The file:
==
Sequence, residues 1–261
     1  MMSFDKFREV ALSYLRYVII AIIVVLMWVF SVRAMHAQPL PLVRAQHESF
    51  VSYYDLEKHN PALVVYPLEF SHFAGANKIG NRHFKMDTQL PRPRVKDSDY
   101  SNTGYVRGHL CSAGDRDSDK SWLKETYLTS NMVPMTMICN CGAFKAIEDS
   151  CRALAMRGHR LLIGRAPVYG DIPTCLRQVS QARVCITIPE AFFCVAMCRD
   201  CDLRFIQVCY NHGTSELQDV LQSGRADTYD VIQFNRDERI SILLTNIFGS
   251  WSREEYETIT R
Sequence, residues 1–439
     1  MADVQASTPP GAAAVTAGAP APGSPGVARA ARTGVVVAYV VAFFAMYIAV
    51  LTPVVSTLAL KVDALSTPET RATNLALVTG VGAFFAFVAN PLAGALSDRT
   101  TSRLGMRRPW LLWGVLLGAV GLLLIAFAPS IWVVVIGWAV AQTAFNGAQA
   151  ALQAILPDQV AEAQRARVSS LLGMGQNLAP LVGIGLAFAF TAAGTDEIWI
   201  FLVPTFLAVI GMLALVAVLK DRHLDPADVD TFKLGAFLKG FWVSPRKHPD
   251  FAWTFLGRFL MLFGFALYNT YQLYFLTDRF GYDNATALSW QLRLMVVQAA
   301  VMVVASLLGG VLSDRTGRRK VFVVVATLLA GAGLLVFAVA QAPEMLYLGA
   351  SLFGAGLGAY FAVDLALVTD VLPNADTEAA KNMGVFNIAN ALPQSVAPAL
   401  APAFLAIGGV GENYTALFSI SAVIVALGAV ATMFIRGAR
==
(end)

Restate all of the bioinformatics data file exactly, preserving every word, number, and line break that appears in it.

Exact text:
Sequence, residues 1–261
     1  MMSFDKFREV ALSYLRYVII AIIVVLMWVF SVRAMHAQPL PLVRAQHESF
    51  VSYYDLEKHN PALVVYPLEF SHFAGANKIG NRHFKMDTQL PRPRVKDSDY
   101  SNTGYVRGHL CSAGDRDSDK SWLKETYLTS NMVPMTMICN CGAFKAIEDS
   151  CRALAMRGHR LLIGRAPVYG DIPTCLRQVS QARVCITIPE AFFCVAMCRD
   201  CDLRFIQVCY NHGTSELQDV LQSGRADTYD VIQFNRDERI SILLTNIFGS
   251  WSREEYETIT R
Sequence, residues 1–439
     1  MADVQASTPP GAAAVTAGAP APGSPGVARA ARTGVVVAYV VAFFAMYIAV
    51  LTPVVSTLAL KVDALSTPET RATNLALVTG VGAFFAFVAN PLAGALSDRT
   101  TSRLGMRRPW LLWGVLLGAV GLLLIAFAPS IWVVVIGWAV AQTAFNGAQA
   151  ALQAILPDQV AEAQRARVSS LLGMGQNLAP LVGIGLAFAF TAAGTDEIWI
   201  FLVPTFLAVI GMLALVAVLK DRHLDPADVD TFKLGAFLKG FWVSPRKHPD
   251  FAWTFLGRFL MLFGFALYNT YQLYFLTDRF GYDNATALSW QLRLMVVQAA
   301  VMVVASLLGG VLSDRTGRRK VFVVVATLLA GAGLLVFAVA QAPEMLYLGA
   351  SLFGAGLGAY FAVDLALVTD VLPNADTEAA KNMGVFNIAN ALPQSVAPAL
   401  APAFLAIGGV GENYTALFSI SAVIVALGAV ATMFIRGAR